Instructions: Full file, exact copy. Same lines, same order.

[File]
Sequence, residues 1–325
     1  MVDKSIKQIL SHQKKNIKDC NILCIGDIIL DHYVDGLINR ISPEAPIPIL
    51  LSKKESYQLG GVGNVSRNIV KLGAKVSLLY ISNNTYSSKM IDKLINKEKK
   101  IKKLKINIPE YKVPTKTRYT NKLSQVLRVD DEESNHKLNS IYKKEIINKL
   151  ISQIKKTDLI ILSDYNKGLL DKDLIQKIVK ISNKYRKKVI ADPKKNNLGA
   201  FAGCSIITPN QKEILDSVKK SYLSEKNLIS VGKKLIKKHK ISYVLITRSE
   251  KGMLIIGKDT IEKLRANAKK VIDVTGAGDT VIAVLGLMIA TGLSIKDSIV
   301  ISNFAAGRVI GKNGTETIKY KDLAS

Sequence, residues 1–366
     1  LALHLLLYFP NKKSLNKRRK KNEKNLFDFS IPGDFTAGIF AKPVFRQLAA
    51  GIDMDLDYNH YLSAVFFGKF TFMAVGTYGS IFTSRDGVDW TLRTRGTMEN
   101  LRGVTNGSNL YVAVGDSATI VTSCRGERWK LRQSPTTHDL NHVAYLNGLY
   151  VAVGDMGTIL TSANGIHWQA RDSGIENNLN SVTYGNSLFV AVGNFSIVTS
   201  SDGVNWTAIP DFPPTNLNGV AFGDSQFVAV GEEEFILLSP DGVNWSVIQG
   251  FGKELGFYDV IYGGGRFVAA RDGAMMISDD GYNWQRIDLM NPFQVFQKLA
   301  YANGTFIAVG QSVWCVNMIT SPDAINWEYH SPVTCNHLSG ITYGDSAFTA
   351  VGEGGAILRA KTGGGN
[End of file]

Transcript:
Sequence, residues 1–325
     1  MVDKSIKQIL SHQKKNIKDC NILCIGDIIL DHYVDGLINR ISPEAPIPIL
    51  LSKKESYQLG GVGNVSRNIV KLGAKVSLLY ISNNTYSSKM IDKLINKEKK
   101  IKKLKINIPE YKVPTKTRYT NKLSQVLRVD DEESNHKLNS IYKKEIINKL
   151  ISQIKKTDLI ILSDYNKGLL DKDLIQKIVK ISNKYRKKVI ADPKKNNLGA
   201  FAGCSIITPN QKEILDSVKK SYLSEKNLIS VGKKLIKKHK ISYVLITRSE
   251  KGMLIIGKDT IEKLRANAKK VIDVTGAGDT VIAVLGLMIA TGLSIKDSIV
   301  ISNFAAGRVI GKNGTETIKY KDLAS

Sequence, residues 1–366
     1  LALHLLLYFP NKKSLNKRRK KNEKNLFDFS IPGDFTAGIF AKPVFRQLAA
    51  GIDMDLDYNH YLSAVFFGKF TFMAVGTYGS IFTSRDGVDW TLRTRGTMEN
   101  LRGVTNGSNL YVAVGDSATI VTSCRGERWK LRQSPTTHDL NHVAYLNGLY
   151  VAVGDMGTIL TSANGIHWQA RDSGIENNLN SVTYGNSLFV AVGNFSIVTS
   201  SDGVNWTAIP DFPPTNLNGV AFGDSQFVAV GEEEFILLSP DGVNWSVIQG
   251  FGKELGFYDV IYGGGRFVAA RDGAMMISDD GYNWQRIDLM NPFQVFQKLA
   301  YANGTFIAVG QSVWCVNMIT SPDAINWEYH SPVTCNHLSG ITYGDSAFTA
   351  VGEGGAILRA KTGGGN